Constant change to routines and government rules have created a challenging environment for autistic people both in and out of the home. Emma Storr discovers what adaptations have to be made to create a better space for autistic people.
The constant changes due to the coronavirus pandemic throughout the first half of 2020 have created a confusing and distressing landscape for people with autism. New rules and guidelines around staying at home, wearing face coverings and shopping, it can be difficult for people to process.
“In lots of ways I think our concerns have changed as we’re going along, but I think the constant change and disruption is difficult for people to process,” explains Tom Purser, head of campaigns at the National Autistic Society. “We know that different changes have been much harder for some people than others.”
The continued update of rules is something that has affected Jane*, a mother of three. Her second son has autism, ADHD and a range of neurodiverse conditions.
“My autistic son is frightened of going out in case he catches COVID,” explains Jane. “He won’t go in the shops, it’s hard for him to go out usually so when we go back to normality it’s going to be even harder because it won’t be the same normality.
“We’re just a normal family really struggling to cope with a child with all these conditions and fighting for support,” emphasises Jane.
One of the main changes that Tom feels has affected autistic people is the requirement to wear a face covering in enclosed spaces.
“Some people are worried they can’t wear masks because of sensory elements or their children won’t wear masks, for others they’re worried about what happens when other people aren’t following the rules,” reveals Tom.
“We’re trying to make sure the government is reflecting the needs of autistic people in rules around face coverings.”
Alongside the government’s face covering exemption cards, the National Autistic Society had developed exemption cards unique to autistic people, but Jane feels this might make her son feel singled out or embarrassed in shops.
“They’re going to find it difficult to communicate that with the person in the shop,” explains Jane. “To go to someone with the card is making them look different and they don’t want to look different.
“A lot of teenagers want to blend in and fit in; to look different is a big thing for them.”
Instead, Jane wants to see better support and advice available for autistic people about what to expect when leaving home, she says: “They need to a have session where they can have a short course to say this is what you’re going to see in the shops; this is what you’re going to have to deal with; show them what two metres apart is, because they won’t understand it.”
Along with leaving home to go to shops, Jane’s son has experienced difficulties accessing education during this time.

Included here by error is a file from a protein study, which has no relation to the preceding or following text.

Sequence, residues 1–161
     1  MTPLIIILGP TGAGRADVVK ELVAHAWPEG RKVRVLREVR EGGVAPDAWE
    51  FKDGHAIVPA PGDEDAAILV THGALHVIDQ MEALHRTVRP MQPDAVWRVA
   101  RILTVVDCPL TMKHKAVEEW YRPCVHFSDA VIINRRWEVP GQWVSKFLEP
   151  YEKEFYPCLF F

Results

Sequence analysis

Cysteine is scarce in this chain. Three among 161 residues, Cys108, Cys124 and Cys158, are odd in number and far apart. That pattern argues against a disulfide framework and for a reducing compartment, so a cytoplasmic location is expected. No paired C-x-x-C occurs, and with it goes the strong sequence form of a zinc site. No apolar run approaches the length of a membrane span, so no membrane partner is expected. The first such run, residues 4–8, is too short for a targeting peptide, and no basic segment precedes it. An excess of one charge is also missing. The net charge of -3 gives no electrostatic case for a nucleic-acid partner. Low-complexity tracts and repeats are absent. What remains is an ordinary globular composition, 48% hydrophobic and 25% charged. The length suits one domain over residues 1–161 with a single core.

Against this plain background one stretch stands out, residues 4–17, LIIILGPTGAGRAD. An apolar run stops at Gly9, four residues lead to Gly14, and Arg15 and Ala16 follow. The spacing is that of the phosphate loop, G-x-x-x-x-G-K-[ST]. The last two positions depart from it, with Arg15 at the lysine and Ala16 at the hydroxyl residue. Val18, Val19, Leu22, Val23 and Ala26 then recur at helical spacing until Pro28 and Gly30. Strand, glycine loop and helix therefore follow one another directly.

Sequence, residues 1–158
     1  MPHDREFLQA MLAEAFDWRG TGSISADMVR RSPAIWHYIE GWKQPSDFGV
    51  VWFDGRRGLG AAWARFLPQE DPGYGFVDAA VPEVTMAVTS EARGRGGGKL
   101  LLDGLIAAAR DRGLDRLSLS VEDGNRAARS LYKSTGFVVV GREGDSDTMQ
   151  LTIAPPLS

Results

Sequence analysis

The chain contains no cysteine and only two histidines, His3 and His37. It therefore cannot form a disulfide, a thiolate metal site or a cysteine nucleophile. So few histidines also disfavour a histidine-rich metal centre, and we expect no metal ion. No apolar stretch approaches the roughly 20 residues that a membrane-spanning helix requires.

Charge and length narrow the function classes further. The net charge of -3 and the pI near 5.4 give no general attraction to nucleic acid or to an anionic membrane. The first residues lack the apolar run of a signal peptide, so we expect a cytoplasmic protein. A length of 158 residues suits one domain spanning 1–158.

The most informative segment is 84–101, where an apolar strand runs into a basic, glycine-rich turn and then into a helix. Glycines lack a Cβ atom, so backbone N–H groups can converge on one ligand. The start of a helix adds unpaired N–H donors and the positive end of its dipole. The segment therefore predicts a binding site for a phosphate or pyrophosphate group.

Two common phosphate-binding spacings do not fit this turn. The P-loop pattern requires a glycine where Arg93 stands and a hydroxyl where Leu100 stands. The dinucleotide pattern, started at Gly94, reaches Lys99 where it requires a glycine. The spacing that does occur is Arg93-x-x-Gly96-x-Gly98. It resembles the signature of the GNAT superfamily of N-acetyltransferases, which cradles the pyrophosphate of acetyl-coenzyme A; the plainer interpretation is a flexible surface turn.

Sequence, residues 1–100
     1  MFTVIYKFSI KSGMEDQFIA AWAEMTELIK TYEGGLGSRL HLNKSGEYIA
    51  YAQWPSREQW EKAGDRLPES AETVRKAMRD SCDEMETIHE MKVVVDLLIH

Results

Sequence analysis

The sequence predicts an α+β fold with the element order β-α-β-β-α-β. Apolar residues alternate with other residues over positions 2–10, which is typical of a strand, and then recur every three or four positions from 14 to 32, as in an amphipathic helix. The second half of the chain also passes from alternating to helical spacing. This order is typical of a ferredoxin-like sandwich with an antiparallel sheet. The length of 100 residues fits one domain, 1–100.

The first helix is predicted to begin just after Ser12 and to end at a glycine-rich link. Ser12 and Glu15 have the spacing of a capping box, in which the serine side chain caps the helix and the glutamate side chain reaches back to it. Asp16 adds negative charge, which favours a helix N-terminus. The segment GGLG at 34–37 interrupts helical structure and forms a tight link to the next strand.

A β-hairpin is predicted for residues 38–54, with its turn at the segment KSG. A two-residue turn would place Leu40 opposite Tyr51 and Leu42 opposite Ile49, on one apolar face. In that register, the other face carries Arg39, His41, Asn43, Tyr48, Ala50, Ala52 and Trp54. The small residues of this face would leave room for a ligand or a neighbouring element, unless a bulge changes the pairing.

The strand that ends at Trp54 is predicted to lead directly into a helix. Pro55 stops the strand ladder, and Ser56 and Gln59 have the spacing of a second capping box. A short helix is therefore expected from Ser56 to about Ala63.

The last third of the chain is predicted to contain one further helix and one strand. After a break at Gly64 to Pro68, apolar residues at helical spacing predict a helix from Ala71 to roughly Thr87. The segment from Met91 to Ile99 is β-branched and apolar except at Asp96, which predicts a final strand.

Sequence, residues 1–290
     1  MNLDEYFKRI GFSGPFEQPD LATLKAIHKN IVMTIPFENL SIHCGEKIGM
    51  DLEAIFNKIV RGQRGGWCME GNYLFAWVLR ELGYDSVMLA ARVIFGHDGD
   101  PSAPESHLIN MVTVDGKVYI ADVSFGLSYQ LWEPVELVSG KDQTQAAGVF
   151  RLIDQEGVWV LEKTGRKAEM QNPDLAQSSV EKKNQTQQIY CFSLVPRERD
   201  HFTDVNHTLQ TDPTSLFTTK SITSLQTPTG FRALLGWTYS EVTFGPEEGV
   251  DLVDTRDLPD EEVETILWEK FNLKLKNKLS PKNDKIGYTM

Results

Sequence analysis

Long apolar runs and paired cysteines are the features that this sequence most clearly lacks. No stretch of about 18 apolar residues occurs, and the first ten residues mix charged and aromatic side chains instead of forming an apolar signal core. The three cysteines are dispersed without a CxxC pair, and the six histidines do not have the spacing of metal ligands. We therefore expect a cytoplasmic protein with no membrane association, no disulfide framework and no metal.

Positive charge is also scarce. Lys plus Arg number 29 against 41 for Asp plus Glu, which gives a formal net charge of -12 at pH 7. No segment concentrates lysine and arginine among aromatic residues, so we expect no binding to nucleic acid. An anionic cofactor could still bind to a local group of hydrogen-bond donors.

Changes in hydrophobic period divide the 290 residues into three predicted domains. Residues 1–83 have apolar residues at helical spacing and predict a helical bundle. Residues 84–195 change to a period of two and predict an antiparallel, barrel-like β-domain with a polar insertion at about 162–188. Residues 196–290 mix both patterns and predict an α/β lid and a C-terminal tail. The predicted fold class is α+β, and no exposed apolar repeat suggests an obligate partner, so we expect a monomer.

“He cannot cope with doing work at home and never has,” emphasises Jane. “From the start of lockdown, the school said ‘don’t worry we’ll get all of it complete’, and that’s not been the case. Zoom isn’t the mode for children with his difficulties because he can’t learn that way.”
Jane was left in a position where she had to put pressure on her son to complete work that he couldn’t cope with.
“I sort of pressured him one day and tried to get him to go on and he ended up having a meltdown and being violent,” recalls Jane. “He was smashing a Pringles tub against the wardrobe and split the lid and cut his hand open then had a seizure.
“That’s when I said I’m not doing this anymore.”
The mainstream school Jane’s son attends reopened so he could attend, but the family found that this didn’t help the situation as they didn’t understand his support needs. Before and during lockdown Jane has been campaigning to have her son moved to a SEND school where his needs would be met.
“The school he’s at don’t understand and shout at him for not completing work and it’s a vicious circle,” reveals Jane. “If it was a special needs school they would understand and he wouldn’t get punished.”
Without access to the social aspects of school and the youth club that he attends, Jane’s son has had to rely on social media to upkeep friendships.
This isolation is something that has affected the whole family’s mental health, Jane says: “He’s had nowhere to go so they’re stuck with social media and he doesn’t cope with social media because of his social difficulties.
“Even for my youngest who doesn’t have neuro difficulties, he’s having to have counselling because of lockdown and being in the situation we’re in,” explains Jane. “It’s not knowing how his brother is going to be from day to day.”
As we move though the lockdown phases, it is hoped that lessons will be learned from this difficult period of time.
“I hope the governments of all nations will continue to factor autistic people in their planning,” admits Tom. “We need to see guidance for changes coming out as early as possible so people can be prepared for them.
“I think it’s so important that we don’t see future waves and that lessons are learned from what has happened and people’s experience so far.”
Upcoming changes to rules and the easing of lockdown will continue to prove difficult for people with autism, but with more support this transition could be easier. Advance guidance, easy-read information and autism-specific guidance will be necessary to making that happen.
FOR MORE INFORMATION
The National Autistic Society’s coronavirus hub provides autism-specific guidance on rules and guidance from the government.
*Names changed to protect identities